- Half of U.S. workers haven’t received a pay boost — either via a raise or a job change — in the past 12 months, according to findings from a December Bankrate poll.
- Of those who received a raise, 38% said the increase was based on performance. Thirty-one percent were promoted or received additional responsibilities and 26% received a cost-of-living increase.
- The stagnation has appeared despite low unemployment. "Typically, as the pool of available workers starts to thin, research suggests that employers will boost pay to recruit more," Bankrate said. "For much of the expansion, however, that hasn’t happened."
Employers have been slow to raise wages, fearing another recession. Pay increases have hovered around 3% in recent years and an August report from Willis Towers Watson (WTW) and Gallagher predicted more of the same for 2020.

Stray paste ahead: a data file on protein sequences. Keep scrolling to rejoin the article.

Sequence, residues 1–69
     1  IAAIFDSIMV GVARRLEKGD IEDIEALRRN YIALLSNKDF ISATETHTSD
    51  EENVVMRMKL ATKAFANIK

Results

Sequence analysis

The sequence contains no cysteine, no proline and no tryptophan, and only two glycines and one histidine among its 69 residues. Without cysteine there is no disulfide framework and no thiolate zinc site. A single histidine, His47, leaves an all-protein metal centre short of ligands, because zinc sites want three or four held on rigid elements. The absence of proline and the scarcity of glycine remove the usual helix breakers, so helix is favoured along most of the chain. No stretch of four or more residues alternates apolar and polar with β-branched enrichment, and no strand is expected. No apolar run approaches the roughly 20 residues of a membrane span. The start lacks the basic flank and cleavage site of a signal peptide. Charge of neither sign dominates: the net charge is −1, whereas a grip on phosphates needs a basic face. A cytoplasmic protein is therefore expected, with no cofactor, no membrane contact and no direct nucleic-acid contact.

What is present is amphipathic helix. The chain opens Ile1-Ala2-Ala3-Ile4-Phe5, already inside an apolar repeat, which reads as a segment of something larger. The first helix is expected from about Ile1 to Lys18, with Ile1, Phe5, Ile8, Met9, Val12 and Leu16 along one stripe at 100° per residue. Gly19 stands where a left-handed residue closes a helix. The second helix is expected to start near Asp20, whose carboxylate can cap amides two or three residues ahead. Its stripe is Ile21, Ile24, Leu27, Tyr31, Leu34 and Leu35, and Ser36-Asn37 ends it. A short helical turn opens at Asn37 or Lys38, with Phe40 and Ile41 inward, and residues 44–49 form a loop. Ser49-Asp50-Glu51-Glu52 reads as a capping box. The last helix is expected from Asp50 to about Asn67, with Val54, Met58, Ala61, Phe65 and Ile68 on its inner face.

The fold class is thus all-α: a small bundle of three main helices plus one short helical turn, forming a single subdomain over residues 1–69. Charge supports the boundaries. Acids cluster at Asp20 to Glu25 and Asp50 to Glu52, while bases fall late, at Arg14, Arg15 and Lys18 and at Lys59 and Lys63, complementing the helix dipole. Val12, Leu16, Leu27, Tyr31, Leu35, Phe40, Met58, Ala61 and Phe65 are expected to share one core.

Instead, employers will offer personalized benefits, bonuses and other variable compensation, the report said. "Despite an extremely tight labor market, most employers are either not willing or fiscally unable to increase their fixed costs across-the-board by bolstering their salary budgets," said Catherine Hartmann, WTW's North America rewards leader, in a statement releasing the findings.
ADP research has put wage growth slightly above others' findings at 4%; Ahu Yildirmaz, co-head of the ADP Research Institute, said in a media release that the tight labor market is forcing some employers to raise wages, especially in an effort to retain top talent.